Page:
The question made Nikola Mirotic smile and promptly interrupt with a “thank you for saying that.’’
The stretch-four didn’t even necessarily have to answer from that point on when asked if he felt underappreciated in his time with the Bulls.
His initial reaction said it all.
Still, he felt the need to explain himself a bit more before Sunday’s preseason opener against the Bulls, especially with it being his first time on the United Center floor since his former team traded him to the New Orleans Pelicans in February.
“It means a lot to hear that word,’’ Mirotic said of the “unappreciated’’ label. “But I can’t think that way.
“I’m blessed the Bulls gave me the opportunity to be here. I’m not saying they used me the best way they could to improve my game. But just having the opportunity was great and I’m thankful. I had a great end of the season in New Orleans. We went to the semifinals, and that’s all I wanted. To play in the playoffs and have a chance to improve my game. That’s all I want to keep doing.’’
That’s why dwelling on how things ended with the Bulls isn’t a priority.
Not that Mirotic won’t talk about it, especially with how public the issues became, but it’s not a chapter he rereads.
A quick refresher: Mirotic ticked off some in the Bulls organization last summer when he decided to bulk up by adding 20 pounds of muscle on his own, rather than working with many of his teammates. When he came into camp and was named the starter, not everyone was thrilled.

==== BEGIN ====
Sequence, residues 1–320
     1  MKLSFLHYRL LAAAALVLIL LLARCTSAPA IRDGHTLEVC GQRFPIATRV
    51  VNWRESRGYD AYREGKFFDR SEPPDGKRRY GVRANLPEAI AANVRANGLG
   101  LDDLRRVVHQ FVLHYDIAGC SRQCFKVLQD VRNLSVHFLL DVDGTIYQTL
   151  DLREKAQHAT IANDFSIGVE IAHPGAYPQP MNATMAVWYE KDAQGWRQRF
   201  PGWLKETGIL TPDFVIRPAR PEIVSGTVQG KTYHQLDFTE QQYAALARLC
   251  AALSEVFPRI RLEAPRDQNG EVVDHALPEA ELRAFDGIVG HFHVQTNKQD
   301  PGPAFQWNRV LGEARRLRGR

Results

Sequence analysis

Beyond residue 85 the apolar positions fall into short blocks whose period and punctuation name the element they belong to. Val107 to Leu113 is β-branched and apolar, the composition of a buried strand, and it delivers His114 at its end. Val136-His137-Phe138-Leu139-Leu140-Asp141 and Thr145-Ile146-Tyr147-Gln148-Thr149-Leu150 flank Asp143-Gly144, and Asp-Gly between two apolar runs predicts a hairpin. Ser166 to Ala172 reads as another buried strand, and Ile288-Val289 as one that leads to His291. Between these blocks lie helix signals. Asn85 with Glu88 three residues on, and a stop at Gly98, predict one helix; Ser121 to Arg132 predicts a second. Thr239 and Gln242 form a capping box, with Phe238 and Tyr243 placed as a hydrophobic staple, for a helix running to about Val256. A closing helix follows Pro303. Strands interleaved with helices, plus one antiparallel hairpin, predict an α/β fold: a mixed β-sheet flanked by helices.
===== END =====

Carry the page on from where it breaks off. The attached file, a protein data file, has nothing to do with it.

Bobby Portis and Mirotic had a history of several run-ins over the years, including several shoves, when they frequently faced off against each in practice. No one saw the incident that occurred on Oct. 17 coming, in which Mirotic allegedly stepped toward Portis in an aggressive manner during practice, and Portis punched him in the face.
The damage was significant. Mirotic’s jaw was broken and he was sidelined for almost two months with concussion-like symptoms.
Mirotic eventually came back, leading the Bulls to six consecutive victories, as well as 10 wins over a 12-game span. Mirotic was the leading scorer in five of those games, and coexisted on the court with Portis at a high level, despite the two not speaking off the court.
But he wanted out immediately after the punch was thrown, and that wish was granted when he was traded to New Orleans on Feb. 1
for a first-round pick that the Bulls eventually cashed in when they drafted Chandler Hutchison.
Mirotic has excelled with the Pelicans, and maybe that’s why he’s not really looking back.
“It’s about moving forward,’’ Mirotic said.
While tendinitis in his Achilles tendon sidelined him Sunday, he did make one point very clear. While he somewhat forgives Portis for what happened, he would never forget.
“Sometimes you don’t have to talk,’’ Mirotic said. “Sometimes that silence, just being professional and shaking hands . . . when we were playing together we were actually playing great, and sometimes that’s enough.
“We were respecting each other, we knew what was going on and that it wasn’t going to change, so there’s no reason now to talk about it anymore.’’